AMERICA'S THYROID EPIDEMIC
Why am I writing a post on thyroid problems? Let me give you an example using Becky (name changed of course), that I just saw last week. The last time I saw Becky, I couldn't help but notice that she had a thyroid problem. Yes; it was that obvious.
At age 60, her eyebrows were totally gone, her hair was falling out, her skin was dry and flaky, she had developed a significant belly, and seemed exhausted to the point that simply moving or talking was a chore. I looked at Becky and gently said to her, "You know you have a thyroid problem don't you?" Her reply was one that unfortunately I have heard over and over again in the years I've been in practice. "My doctor says my thyroid is fine --- maybe a bit on the low side of normal --- but it's good." This post is for all the women (and men) who have lived this scenario, as well as the practitioners who would rather trust a blood test than what they see.
When one begins to look at the actual statistics on thyroid problems here in America, one quickly realizes that using the word "epidemic" to describe what is happening, is not over-the-top hype. It is completely appropriate. In fact, the word 'epidemic' might not be strong enough to convey what is really going on with our nation's collective Thyroid Glands.
Are you sitting down? About one in ten Americans has some sort of thyroid problem. And although our current medical community wants you to believe that they can take care of most thyroid symptoms via hormone replacement therapy; statistics tell us that this hasn't been going as well as planned (it did not work so well with estrogen-based HRT either). Instead of looking at thyroid problems simply as "Thyroid Problems", a better solution might be to ask why so many thyroids are not working properly. It's time to step back and get a better perspective of the problem by looking at the body as a whole organism ---- not just a bunch of loosely related components.
Oh; and like most other ENDOCRINE DYSFUNCTIONS, it is women who are taking it on the proverbial chin. Just like PIRIFORMIS SYNDROME that I treat so much of in my clinic (I have actually been calling it a female epidemic for over a decade), the number one predisposing factor for having abnormal thyroid function is simply being female. We will discuss some of the reasons for this shortly.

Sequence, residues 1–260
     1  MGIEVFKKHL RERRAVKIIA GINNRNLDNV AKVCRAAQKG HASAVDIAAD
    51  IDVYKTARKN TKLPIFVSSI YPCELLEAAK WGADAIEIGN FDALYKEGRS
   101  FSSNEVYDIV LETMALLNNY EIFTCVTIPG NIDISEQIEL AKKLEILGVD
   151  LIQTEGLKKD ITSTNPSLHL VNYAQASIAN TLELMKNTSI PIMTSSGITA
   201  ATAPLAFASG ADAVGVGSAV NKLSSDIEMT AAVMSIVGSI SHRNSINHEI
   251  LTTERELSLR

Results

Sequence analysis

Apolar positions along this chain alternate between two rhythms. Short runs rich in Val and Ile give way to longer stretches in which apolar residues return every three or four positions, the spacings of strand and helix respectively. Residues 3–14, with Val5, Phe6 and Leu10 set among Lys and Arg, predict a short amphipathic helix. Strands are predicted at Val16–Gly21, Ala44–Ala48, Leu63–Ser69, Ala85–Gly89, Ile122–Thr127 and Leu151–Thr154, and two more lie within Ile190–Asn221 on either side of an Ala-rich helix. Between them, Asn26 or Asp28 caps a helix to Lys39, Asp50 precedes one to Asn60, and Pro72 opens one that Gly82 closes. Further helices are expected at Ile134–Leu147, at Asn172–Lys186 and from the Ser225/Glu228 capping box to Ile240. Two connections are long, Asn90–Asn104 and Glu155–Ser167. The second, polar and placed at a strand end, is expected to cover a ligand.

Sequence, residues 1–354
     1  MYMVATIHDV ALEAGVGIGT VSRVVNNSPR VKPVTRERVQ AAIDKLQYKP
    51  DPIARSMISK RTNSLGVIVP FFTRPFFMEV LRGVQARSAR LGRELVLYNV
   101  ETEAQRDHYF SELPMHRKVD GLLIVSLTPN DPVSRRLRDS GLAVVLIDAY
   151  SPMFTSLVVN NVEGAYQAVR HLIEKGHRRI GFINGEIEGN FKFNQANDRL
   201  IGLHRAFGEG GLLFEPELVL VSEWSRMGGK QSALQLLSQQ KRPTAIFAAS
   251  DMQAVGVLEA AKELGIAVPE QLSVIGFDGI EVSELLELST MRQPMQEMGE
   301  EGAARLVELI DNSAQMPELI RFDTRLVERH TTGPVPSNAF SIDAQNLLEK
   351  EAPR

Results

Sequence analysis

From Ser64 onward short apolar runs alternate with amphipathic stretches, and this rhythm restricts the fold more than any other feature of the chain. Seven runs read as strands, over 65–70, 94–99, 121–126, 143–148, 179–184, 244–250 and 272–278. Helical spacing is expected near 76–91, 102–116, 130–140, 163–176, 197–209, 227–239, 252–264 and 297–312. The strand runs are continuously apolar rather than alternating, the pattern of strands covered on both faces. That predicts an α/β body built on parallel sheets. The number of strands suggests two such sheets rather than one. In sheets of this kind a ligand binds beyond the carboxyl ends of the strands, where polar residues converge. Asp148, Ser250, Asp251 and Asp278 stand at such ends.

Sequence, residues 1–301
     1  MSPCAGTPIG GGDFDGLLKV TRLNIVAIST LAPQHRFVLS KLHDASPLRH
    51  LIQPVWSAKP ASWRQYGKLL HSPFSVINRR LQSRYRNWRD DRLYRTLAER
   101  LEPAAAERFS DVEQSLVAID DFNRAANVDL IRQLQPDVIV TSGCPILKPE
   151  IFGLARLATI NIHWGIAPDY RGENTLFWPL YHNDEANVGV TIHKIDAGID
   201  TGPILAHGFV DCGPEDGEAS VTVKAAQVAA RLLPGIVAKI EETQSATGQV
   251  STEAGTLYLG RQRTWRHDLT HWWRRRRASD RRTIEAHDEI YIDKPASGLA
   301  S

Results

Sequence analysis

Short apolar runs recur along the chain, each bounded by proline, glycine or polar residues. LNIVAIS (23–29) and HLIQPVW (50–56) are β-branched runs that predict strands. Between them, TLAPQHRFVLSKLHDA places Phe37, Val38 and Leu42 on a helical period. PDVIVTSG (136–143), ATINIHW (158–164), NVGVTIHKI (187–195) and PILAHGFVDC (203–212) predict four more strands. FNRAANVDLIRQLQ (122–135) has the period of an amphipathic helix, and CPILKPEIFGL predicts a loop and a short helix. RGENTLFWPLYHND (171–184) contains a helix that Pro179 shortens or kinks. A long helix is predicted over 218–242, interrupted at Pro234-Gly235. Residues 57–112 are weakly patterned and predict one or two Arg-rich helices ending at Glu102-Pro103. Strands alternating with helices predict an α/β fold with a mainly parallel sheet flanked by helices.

Before we continue, let me clearly state that I am not an endocrinologist. I am a small town Chiropractor with a long-standing interest in FUNCTIONAL MEDICINE and its relationship to your overall health. The purpose of this Blog Post is not to bash the standard medical approach to dealing with thyroid or other endocrine problems. It is simply to point out why it might not have proved itself the best option for your particular problem ---- you know; the one you have been struggling with for years, even though you have tried everything they have offered you, without any tangible long-term results.
WHAT DOES THE THYROID GLAND DO?
Wow! Where do I begin? The thyroid gland exerts influence over so many different body systems that when it's function begins to slip, numerous other bodily functions start slipping as well. This further diminishes thyroid function, which in turn suppresses or revs up various parts of the rest of the body --- including the endocrine and immune systems. This can lead to difficulty trying to discern which endocrine problem is primary. A few of the areas of function influenced by the thyroid gland include:
Truthfully, this list could be much longer. However, I think that you are starting to get the point. The point being that the thyroid gland regulates and controls numerous body functions. When it starts to go south, other health problems begin to rare their ugly heads as well.